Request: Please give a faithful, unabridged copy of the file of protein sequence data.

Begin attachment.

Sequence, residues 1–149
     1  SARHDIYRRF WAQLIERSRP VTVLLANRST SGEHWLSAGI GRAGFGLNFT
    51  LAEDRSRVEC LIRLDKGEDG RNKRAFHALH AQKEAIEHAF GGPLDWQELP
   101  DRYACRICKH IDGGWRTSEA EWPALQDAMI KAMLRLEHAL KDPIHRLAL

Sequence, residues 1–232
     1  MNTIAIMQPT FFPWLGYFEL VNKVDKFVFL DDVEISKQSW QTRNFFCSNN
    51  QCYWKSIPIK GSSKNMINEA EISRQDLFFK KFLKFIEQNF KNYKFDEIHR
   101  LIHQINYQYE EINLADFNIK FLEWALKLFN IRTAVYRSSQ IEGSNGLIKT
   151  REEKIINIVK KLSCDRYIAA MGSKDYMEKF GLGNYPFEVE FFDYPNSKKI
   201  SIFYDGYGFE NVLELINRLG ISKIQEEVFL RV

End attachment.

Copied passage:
Sequence, residues 1–149
     1  SARHDIYRRF WAQLIERSRP VTVLLANRST SGEHWLSAGI GRAGFGLNFT
    51  LAEDRSRVEC LIRLDKGEDG RNKRAFHALH AQKEAIEHAF GGPLDWQELP
   101  DRYACRICKH IDGGWRTSEA EWPALQDAMI KAMLRLEHAL KDPIHRLAL

Sequence, residues 1–232
     1  MNTIAIMQPT FFPWLGYFEL VNKVDKFVFL DDVEISKQSW QTRNFFCSNN
    51  QCYWKSIPIK GSSKNMINEA EISRQDLFFK KFLKFIEQNF KNYKFDEIHR
   101  LIHQINYQYE EINLADFNIK FLEWALKLFN IRTAVYRSSQ IEGSNGLIKT
   151  REEKIINIVK KLSCDRYIAA MGSKDYMEKF GLGNYPFEVE FFDYPNSKKI
   201  SIFYDGYGFE NVLELINRLG ISKIQEEVFL RV